He has established himself for innovative remixes. Unlike many DJs who content themselves with tinkering with other people’s songs, Anthony is that rare breed who actually makes original music. With his wife, the two have their own band, Lectroluxe (along with some session musicians). They have been busy in Anthony’s Montreal studio creating ambient music-not the Brian Eno “music for airports” stuff; downtempo, yes, but very, very danceable.
He favors original music to compilation CDs, although his discography includes well-received compilations under the Circuit Sessions, Global Groove, Circuit Party and, of course, Black & Blue monikers. Original productions date back to the early ‘90s. He’s now putting out a slew of Lectroluxe songs on the local Dark Panties label, which also has produced DJ Oren Nizri and local chanteur, Derick H.
Regardless of where he’s spinning, Anthony sees the DJ’s responsibility to get people dancing over making an artistic statement. That’s one reason why he favors vocals over tribal beats. “A beat all night long gets boring,” he says. “I understand what those DJs are trying to do, but today, the accessibility of different genres from the Internet has made it possible to play so many sounds. Why play one when you can blend them together?”
Playing the Big Events
As someone who’s most closely associated with Black & Blue, Anthony is one DJ who knows the difference between an intimate club setting and a stadium-sized crowd. “When you play a large venue, you have to please a larger audience,” he says. “That forces you to look at the big picture.”
Black & Blue actually allows him to be more experimental. The length of the party, the near 50-50 crowd mix of gay-straight, and the mammoth size all mean that he has to do more for more within the timeframe of a limited set. “That’s where I can introduce both crowds to new sounds,” he says. “For the straight crowd, that means more vocals; for the gay crowd, techier stuff. B&B is where I can really have fun. When people come to B&B, they want to hear a different sound; they know they’re not going to hear the typical Circuit stuff.”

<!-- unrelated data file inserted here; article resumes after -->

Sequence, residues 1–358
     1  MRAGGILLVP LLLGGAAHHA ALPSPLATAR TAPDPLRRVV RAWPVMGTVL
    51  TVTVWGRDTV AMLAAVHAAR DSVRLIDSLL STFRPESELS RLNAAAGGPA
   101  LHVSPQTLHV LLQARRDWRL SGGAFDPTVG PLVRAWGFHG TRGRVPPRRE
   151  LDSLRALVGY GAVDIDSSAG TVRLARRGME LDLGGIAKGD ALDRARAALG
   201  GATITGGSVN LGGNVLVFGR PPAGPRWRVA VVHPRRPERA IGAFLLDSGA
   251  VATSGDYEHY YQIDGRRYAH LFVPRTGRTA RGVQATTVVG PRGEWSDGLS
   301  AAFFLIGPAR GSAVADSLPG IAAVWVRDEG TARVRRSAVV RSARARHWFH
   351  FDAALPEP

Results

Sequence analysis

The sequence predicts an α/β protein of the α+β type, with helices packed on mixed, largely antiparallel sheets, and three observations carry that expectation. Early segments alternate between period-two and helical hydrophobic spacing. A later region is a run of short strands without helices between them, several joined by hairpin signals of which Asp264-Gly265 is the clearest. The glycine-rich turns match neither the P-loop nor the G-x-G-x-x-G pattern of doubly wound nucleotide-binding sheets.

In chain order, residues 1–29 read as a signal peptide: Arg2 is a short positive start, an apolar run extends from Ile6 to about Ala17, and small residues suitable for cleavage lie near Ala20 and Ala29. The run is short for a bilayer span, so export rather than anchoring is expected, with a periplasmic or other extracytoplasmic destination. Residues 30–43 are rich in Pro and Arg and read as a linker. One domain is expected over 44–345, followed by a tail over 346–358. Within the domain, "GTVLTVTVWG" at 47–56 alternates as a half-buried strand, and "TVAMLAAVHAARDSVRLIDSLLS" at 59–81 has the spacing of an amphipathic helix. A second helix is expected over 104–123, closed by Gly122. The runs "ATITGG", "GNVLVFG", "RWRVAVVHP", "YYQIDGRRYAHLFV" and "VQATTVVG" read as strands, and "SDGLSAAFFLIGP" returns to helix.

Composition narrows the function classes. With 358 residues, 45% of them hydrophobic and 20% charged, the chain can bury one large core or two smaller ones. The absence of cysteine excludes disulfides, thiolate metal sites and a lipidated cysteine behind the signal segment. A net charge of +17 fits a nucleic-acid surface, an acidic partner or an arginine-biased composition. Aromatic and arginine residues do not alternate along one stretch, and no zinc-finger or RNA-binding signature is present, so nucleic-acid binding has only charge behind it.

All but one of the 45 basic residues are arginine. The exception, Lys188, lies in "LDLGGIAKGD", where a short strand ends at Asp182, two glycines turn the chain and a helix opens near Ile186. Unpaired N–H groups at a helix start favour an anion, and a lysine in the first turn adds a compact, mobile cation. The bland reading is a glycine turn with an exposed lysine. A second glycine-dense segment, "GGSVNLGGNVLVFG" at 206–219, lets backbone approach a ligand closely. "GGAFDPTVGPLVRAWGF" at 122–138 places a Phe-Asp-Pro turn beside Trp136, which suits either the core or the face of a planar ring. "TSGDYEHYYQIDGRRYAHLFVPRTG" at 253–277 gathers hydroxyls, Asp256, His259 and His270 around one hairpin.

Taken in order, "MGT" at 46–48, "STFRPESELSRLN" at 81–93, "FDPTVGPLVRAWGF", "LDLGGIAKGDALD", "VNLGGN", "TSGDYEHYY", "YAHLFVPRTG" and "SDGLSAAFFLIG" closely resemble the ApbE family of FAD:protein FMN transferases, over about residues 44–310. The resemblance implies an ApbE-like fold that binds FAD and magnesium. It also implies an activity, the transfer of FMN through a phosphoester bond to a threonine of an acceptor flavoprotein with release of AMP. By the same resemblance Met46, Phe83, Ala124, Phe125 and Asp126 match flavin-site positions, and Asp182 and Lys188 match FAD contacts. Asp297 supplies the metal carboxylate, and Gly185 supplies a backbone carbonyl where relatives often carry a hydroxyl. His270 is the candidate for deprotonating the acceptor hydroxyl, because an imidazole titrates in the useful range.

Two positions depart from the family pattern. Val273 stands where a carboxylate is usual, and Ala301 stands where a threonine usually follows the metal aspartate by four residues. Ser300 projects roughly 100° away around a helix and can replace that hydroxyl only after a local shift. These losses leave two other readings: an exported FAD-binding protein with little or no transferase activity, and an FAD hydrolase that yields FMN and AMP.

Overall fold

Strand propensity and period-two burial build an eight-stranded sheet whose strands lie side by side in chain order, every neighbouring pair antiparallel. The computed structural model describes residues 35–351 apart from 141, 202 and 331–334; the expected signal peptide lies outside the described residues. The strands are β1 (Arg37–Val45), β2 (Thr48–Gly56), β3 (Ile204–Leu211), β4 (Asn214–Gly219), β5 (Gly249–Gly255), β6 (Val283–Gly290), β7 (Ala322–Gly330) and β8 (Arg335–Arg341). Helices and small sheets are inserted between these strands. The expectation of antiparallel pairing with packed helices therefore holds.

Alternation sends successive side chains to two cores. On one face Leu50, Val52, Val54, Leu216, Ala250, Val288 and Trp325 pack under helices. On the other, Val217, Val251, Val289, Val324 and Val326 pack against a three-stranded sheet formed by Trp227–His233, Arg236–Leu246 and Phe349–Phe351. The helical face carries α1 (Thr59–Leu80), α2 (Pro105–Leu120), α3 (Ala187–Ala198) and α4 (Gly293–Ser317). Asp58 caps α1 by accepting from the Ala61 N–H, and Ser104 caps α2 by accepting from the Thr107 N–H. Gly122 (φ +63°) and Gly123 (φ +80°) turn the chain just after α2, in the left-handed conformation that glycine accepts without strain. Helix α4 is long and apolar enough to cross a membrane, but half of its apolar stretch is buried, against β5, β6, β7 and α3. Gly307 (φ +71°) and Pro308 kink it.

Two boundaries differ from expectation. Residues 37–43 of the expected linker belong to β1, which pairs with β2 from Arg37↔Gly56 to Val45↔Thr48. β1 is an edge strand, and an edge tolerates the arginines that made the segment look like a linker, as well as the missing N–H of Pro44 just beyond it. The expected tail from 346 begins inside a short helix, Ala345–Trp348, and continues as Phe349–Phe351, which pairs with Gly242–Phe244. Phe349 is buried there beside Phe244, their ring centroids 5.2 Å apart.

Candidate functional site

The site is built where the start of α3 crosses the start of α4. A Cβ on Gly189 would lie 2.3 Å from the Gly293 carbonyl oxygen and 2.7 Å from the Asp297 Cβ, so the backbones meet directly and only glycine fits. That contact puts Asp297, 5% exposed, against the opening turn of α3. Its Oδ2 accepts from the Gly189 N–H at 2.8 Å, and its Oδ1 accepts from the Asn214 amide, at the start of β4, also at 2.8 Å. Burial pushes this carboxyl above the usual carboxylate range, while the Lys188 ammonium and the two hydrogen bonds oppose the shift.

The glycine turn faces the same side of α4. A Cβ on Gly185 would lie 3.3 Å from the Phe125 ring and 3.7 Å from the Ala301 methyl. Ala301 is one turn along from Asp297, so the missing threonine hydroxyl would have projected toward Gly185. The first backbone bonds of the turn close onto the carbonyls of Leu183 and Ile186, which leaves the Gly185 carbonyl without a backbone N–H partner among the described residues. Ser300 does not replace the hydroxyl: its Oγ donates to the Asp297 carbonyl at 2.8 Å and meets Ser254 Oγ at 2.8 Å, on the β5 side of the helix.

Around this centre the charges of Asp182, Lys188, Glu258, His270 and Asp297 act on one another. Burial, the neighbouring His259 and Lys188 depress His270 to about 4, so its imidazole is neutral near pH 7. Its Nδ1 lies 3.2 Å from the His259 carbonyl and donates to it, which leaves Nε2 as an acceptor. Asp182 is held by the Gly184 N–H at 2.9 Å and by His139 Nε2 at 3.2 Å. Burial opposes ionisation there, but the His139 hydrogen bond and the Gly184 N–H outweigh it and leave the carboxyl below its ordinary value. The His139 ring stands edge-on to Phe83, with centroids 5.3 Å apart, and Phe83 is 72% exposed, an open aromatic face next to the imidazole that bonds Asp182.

For this year’s Black & Blue, Anthony has ceded the main event to others. Instead, he’ll be playing the Military Ball the night before. It’s an upbeat party that perfectly suits his style of music. This summer also sees him returning to another of his favorite events, Montreal Pride. For the past few years, he’s been headlining a giant party in a city park. Although the crowd can expect vocals, he always throws in a few sounds to the mix to keep people’s ears perked. “It’s always hard when people ask me my style,” he says. “I push the envelope. There are a lot of DJs out there, and they are known for a sound. I just try to be different.”
Today, he says, there are so many different kinds of music available. Just as the recording industry imploded, the explosion of the Internet allowed niche artists to get their work out there. He cites some of the “amazing” techno that’s being released right now as indicating a renaissance for a genre that was in danger of going stale. At the same time, the Circuit itself has been changing, evolving into … what? No one knows yet, but Anthony will undoubtedly be there. “The younger crowd is always into newer music,” he notes. “Maybe there are less big parties, but the scene is doing well. People will always be dancing.”